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State v. Stull

Court of Appeals of Oregon

March 6, 2019

STATE OF OREGON, Plaintiff-Respondent,
v.
BARRY JOE STULL, aka Barry Joe Stully, Defendant-Appellant.

          Argued and submitted January 7, 2019

          Multnomah County Circuit Court 15CR53749 Leslie M. Roberts, Judge.

          Brett J. Allin, Deputy Public Defender, argued the cause for appellant. Also on the briefs was Ernest G. Lannet, Chief Defender, Criminal Appellate Section, Office of Public Defense Services. Barry Joe Stull filed the supplemental brief pro se.

          Patrick M. Ebbett, Assistant Attorney General, argued the cause for respondent. Also on the brief were Ellen F. Rosenblum, Attorney General, and Benjamin Gutman, Solicitor General.

          Before Lagesen, Presiding Judge, and DeVore, Judge, and James, Judge.

         Case Summary: Defendant appeals a judgment of conviction for attempted assault on a public safety officer, resisting arrest, and second-degree criminal mischief. Defendant raises nine related assignments of error that all allege that statements made by the prosecutor during closing argument, which commented on defendant's courtroom behavior, were improper. Moreover, defendant argues that the trial court abused its discretion by failing to strike the comments from the jury's consideration. The state contends that any error with respect to the prosecutor's closing argument was harmless. Held: Evidence for consideration by a factfinder at trial includes testimony, the demeanor of a testifying witness on the stand, and exhibits entered into evidence. The courtroom behavior of individuals while not testifying is not automatically evidence. Here, it was undisputed that the state did not offer, and the trial court did not accept, the behavior into the evidentiary record. Therefore, it was not within the trial court's permissible [296 Or.App. 436] range of discretion to allow the state to present a closing argument that relied upon facts not in evidence. Given the repeated invitation for the jury to render a decision based on a record that was not the evidentiary record before it, the trial court's failure to strike was not harmless.

         [296 Or.App. 437] JAMES, J.

         Defendant appeals a judgment of conviction for attempted assault on a public safety officer, resisting arrest, and second-degree criminal mischief, raising nine related assignments of error, all alleging that statements made by the prosecutor during closing argument that commented on defendant's courtroom behavior were improper. Defendant argues that the trial court abused its discretion by failing to strike the comments from the jury's consideration. We agree, and, concluding that the failure to strike was not harmless, accordingly reverse and remand.

         Defendant's prosecution arose from an incident that occurred at Portland City Hall during a public meeting of the Portland City Council. Defendant entered the chambers and spoke to the crowd while being filmed by an associate. After about 20 minutes, one of the commissioners attempted to calm defendant and the encounter escalated into shouting, which drew the response of the police.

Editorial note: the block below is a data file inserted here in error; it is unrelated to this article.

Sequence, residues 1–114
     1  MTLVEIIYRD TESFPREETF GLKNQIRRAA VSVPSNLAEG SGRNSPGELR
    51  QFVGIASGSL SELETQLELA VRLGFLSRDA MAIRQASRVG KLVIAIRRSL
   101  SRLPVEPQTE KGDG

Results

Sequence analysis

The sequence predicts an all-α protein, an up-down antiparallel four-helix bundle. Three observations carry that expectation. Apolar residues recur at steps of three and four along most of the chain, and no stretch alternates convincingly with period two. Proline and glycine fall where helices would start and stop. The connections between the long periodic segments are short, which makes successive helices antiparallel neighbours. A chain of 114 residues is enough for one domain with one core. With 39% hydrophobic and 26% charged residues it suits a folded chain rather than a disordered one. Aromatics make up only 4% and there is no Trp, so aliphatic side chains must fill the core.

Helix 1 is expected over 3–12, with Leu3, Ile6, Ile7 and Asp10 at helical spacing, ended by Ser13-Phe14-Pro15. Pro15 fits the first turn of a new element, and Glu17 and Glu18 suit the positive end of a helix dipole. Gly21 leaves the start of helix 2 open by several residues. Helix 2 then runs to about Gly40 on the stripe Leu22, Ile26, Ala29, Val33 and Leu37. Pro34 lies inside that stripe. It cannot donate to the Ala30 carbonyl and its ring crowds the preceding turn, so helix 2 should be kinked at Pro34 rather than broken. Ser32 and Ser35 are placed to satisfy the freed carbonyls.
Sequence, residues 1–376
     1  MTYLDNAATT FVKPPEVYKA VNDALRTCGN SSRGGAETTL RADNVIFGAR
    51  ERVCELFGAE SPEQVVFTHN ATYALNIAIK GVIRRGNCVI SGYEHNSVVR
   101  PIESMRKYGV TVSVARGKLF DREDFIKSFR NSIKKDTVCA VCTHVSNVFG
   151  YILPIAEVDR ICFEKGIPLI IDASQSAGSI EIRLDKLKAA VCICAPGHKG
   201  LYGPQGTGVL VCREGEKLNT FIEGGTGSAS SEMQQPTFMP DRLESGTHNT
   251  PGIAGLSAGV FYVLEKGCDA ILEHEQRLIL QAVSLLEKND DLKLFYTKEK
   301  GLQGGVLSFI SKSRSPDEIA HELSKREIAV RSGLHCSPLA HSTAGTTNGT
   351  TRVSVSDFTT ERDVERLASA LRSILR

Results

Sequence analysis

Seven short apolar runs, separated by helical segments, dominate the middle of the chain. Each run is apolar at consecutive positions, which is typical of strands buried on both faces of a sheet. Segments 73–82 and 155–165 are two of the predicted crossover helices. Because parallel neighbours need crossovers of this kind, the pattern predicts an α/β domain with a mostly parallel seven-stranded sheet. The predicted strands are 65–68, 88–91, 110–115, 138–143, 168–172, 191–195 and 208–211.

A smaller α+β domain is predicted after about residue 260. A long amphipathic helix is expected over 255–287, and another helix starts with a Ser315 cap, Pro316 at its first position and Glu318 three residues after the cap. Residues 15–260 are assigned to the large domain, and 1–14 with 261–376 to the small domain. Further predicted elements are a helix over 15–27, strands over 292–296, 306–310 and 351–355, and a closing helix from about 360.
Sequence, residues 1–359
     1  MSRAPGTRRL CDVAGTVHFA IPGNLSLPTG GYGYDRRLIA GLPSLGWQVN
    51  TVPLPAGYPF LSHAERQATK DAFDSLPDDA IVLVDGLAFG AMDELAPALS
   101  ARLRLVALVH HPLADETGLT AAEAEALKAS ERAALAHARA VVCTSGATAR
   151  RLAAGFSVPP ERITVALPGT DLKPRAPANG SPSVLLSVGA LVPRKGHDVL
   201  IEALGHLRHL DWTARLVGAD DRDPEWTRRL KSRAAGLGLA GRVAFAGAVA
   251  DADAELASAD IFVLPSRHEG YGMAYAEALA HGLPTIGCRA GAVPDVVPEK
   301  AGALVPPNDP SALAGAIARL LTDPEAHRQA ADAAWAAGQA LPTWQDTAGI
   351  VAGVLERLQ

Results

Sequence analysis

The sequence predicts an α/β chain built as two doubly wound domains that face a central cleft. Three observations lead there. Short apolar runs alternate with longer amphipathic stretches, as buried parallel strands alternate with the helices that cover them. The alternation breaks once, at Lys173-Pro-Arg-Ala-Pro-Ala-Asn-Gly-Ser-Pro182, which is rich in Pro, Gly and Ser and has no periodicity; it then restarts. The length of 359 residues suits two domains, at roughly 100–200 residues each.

Portland Police Officer Engstrom arrived in the chambers, followed shortly by two other officers. Defendant approached the officers, yelling at them. The officers told defendant to back up and grabbed defendant's left hand. Soon thereafter, according to trial testimony, defendant pulled an officer's hand off his left arm and threw two right hooks at an officer, hitting his arm and shoulder area. One officer then grabbed defendant and wrestled him to the council desk. After handcuffing defendant, the officers wanted to walk him from the council chamber but defendant refused to walk, so an officer placed him on the table in front of the council desk.

         Ultimately, as the officers were escorting defendant out of the building, according to officer testimony, he kicked one of the officers in the shin repeatedly. After the officers placed defendant in a patrol car, defendant kicked and tore into the seatbelt assembly, breaking it in several places. As defendant testified, he "tore the hell out of that police car" and "did as much damage * * * as [he] possibly could."

         Defendant chose to testify in his own defense, as well as to represent himself throughout a nearly weeklong [296 Or.App. 438] trial-a trial that was obviously, and understandably, made more difficult by defendant's courtroom behavior. In closing argument, the prosecutor repeatedly encouraged the jury to consider defendant's behavior in the courtroom- when defendant was not on the witness stand-in assessing whether defendant committed the alleged crimes at city hall. Among other things, the prosecutor stated:

"Now, you'll see this video, and I've moved it up to about the 21-minute mark. You've already listened to its entirety once, because the first 20 minutes of that video is just [defendant] doing, on November 25th, what he did here today, create a scene.
"He stayed there and he continued to talk, to rant, to revel in that moment. And he got worked up then, just as you saw him get worked up in ...

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